When an extremely small Bank in Denmark, Københavns Andelskassehad 183 customers primarily from Ukraine that released 1645 AML alarms without much consequence or terminating the dubious relationships, there has to be something incredibly wrong in the compliance efforts. Many larger banks and organisations have a similar problem, but the blind spots in their GRC efforts do not send the red flags that escalate the issue.
Business struggles to connect the silos
There is a terrible kind of silo management style in the corporate or business world that encourages the prevalent disconnected supervision style. Instead of introducing cloud computing, big data, machine learning, and related functions to avoid that compliance costs continue to increase by leaps and bounds.
When operating in silos where management acts independently and without regard to other functions or departments invite duplication of compliance efforts and inconsistent responses, for decades it has been the most inefficient and less productive way to measure, monitor and manage.
When siloed organisations respond to enterprise-wide risk, a lot can go wrong. For starters, if every department responds in its way to regulatory compliance. At best, it is an inefficient way of doubling or tripling of the work,and at worst, it creates messy data that avoid the segregation of the company’s compliance approach to identify the gaps of non-compliance and transactions falling through the GRC cracks.
To encourage data sharing, accountability, and transparency, the first step is the introduction of an enterprise risk management framework with GRC elements and components.
There are several standard roadmaps and framework that can connect the management silo’s and create a platform designed for centralised data management. Frameworks and standards like the ISO 27000 series, NIST, the Copenhagen Compliance®GRC Capability Model, COSO 2013, COSO ERM 2017, ISO 31000:2019, ISO 19600:2014, PMBOK Guide, PCI DSS that all provide a stable base for managing GRC in their respective areas. Companies can then improve their mature risk management programs by introducing integrated risk management systems (IRMS), Information security management system (ISMS)that is supported by GRC technology.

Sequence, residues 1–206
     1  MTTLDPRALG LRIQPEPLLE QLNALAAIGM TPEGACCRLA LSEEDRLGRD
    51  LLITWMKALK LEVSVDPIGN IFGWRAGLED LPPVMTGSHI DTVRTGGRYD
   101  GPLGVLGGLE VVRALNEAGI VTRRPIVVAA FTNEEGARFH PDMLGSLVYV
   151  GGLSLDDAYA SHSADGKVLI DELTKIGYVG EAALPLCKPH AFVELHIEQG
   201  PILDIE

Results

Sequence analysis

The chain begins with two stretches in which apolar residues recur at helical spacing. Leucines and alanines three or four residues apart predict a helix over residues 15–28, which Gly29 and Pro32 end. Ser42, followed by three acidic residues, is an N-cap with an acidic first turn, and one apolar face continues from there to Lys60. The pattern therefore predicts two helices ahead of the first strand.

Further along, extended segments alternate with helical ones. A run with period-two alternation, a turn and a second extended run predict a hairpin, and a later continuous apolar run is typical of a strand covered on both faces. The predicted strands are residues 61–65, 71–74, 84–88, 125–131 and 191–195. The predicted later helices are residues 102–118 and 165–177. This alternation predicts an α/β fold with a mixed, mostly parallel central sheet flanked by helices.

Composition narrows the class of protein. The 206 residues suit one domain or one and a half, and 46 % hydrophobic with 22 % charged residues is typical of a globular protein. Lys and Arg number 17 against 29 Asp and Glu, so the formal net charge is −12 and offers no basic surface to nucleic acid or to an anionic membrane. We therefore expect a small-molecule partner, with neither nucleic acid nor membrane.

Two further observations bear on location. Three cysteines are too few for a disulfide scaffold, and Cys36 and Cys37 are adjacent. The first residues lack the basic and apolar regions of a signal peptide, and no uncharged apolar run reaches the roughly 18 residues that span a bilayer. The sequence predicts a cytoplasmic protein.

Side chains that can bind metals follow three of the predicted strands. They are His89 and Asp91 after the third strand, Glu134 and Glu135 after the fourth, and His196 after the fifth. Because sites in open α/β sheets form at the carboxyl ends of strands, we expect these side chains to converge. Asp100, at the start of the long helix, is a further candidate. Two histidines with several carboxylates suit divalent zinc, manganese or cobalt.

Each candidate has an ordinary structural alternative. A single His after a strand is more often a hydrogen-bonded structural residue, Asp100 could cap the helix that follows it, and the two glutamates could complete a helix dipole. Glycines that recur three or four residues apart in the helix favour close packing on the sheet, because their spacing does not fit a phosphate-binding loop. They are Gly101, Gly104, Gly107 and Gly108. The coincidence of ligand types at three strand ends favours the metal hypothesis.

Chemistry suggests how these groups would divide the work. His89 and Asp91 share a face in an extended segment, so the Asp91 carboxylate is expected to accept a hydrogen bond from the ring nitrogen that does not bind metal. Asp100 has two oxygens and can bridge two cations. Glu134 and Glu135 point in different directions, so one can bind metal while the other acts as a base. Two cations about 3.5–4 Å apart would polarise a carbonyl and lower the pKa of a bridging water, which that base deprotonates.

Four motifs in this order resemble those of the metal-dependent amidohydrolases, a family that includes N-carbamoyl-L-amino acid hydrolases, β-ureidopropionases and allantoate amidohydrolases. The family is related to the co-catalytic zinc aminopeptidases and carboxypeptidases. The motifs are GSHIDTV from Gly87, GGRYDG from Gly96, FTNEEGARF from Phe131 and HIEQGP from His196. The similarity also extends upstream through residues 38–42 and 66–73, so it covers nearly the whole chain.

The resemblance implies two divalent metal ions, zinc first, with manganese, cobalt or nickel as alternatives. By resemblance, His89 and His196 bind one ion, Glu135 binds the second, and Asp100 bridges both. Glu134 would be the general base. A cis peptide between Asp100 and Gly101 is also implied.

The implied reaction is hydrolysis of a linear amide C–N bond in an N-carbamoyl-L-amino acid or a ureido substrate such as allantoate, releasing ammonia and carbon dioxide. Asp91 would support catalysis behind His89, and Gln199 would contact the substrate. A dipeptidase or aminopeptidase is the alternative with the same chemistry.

Artificial Intelligence to categorise doubtful dealings
There is an urgent need to transform GRC efforts that risk-rate customers and third parties, account transactions and behaviour in real-time and review the alert based on network and linkage analysis and risk rating changes. The analytics-based solutions will identify multiple profiles of an individual customer without having to overhaul any of their legacy systems, which hold the siloed structured and unstructured data customer data and identify the enterprise-wide transaction monitoring and management of fraudulent activities.
Some of the above suggestions are achieved by the combined introduction of;
While some organisations need to take strategic measures to future-proof their GRC systems and policies, they must meet energetic regulatory compliance obligations as sophisticated financial and cyber-crimes keep on increasing. At the GRC-F (Foundation) Masterclass, we will leverage digital transformation and innovations to combat financial and cybercrimes by introducing Risk-based approach to GRC. It is about time that organisations throw the rule-based approach in the GRC compliance function, that manipulate, e.g. to launder money or address and be aware of financial and cybercrimes.